Milner: You don't
think it was suicide, do you?
Foyle: Don't I? What
do you think?
Milner: Well, a man
locks himself in a room with the key in his pocket, blows himself up
hand grenade. He has a motive. He's just bust up with his girl and he
leaves behind a suicide note in his own hand writing.
No, I don't think so.
After the popular and long-running series Inspector Morse
came to an end in 2000,
the British network ITV had a hole in their schedule.
They commissioned Anthony Horowitz, who had written a number of
adaptations as well as several of the early episodes of Midsomer
come up with a mystery show and the result was Foyle's War. Set
in Englad over the course of WW II, the
show centers around Chief Superintendent Christopher Foyle who has to
peace at home. Historically accurate (to
a very large extent) and the show not only features intriguing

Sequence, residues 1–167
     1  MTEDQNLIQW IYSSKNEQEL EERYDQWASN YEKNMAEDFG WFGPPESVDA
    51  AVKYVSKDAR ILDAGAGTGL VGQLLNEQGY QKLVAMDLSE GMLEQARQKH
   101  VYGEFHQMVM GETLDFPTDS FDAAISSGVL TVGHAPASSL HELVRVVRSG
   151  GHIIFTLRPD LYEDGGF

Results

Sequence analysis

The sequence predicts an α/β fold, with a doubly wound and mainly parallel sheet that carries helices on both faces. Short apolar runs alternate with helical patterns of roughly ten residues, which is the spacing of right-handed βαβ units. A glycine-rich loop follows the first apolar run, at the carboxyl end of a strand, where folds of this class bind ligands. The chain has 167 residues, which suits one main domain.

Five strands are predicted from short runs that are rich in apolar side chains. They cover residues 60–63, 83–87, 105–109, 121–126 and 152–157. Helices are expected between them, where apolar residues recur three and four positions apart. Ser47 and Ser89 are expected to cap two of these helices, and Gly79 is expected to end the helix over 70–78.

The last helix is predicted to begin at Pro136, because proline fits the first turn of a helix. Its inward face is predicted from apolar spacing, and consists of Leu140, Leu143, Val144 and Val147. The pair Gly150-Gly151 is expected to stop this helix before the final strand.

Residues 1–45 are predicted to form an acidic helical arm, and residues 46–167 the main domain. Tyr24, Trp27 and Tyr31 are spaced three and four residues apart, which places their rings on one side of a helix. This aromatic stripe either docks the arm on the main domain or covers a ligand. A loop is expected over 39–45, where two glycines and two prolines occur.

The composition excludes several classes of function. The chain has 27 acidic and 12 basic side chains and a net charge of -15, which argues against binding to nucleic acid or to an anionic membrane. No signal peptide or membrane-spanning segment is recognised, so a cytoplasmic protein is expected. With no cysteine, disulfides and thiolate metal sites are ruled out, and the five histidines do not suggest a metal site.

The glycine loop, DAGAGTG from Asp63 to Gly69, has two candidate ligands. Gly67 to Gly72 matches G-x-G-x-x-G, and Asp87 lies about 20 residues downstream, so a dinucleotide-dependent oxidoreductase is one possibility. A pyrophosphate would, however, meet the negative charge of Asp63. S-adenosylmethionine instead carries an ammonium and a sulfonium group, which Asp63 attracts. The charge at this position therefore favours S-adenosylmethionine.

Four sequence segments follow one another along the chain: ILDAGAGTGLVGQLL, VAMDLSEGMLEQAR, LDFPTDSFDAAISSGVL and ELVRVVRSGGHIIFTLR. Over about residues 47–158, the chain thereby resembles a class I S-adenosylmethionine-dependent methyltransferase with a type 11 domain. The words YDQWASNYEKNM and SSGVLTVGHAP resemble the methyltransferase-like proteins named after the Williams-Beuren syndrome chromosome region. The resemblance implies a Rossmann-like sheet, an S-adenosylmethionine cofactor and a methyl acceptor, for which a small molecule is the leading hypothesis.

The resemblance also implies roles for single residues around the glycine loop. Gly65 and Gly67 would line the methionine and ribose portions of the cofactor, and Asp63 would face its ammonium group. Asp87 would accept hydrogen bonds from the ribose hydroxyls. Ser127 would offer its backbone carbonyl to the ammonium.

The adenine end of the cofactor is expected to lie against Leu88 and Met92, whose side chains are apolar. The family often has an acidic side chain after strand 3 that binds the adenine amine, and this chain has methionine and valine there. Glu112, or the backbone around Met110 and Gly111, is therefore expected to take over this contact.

also gives viewers a glimpse at what like was like in England during
the Blitz. Previously released in season
sets, Acron has
now collected all 19 movie-length episodes that have been made1 into a very
nice collection that is a must for fans of excellent television.
The series starts in 1940 and things look bleak for England. WWII has begun and the German juggernaut is
sweeping across Europe.
They have invaded Norway,
Denmark, Belgium and, as is illustrated in one
pushed the Allied army into the sea at Dunkirk
forcing the British soldiers to be evacuated by fishing trawlers.
Widower Chief Superintendent Christopher Foyle (Michael
Kitchen) tries to join the armed forces but his application is denied. He's needed in his home town of Hastings, in the south of England,
to keep the peace. With his only son
Andrew (Julian Ovenden) a
fighter pilot in the RAF and his second in command along with most of
friends enlisted in the military, this irritates the quiet and
but there's not much he can do about it.
In order to sooth things out, the man who rejects his
manage to find a driver for Foyle, who does not know how to operate a
car. This comes in the form of Samantha
"Sam" Stewart (Honeysuckle Weeks) a young woman who has volunteered
to do his part. Terminally understaffed
he finds an assistant in Paul Milner (Anthony Howell).
A detective before the war, Milner lost a leg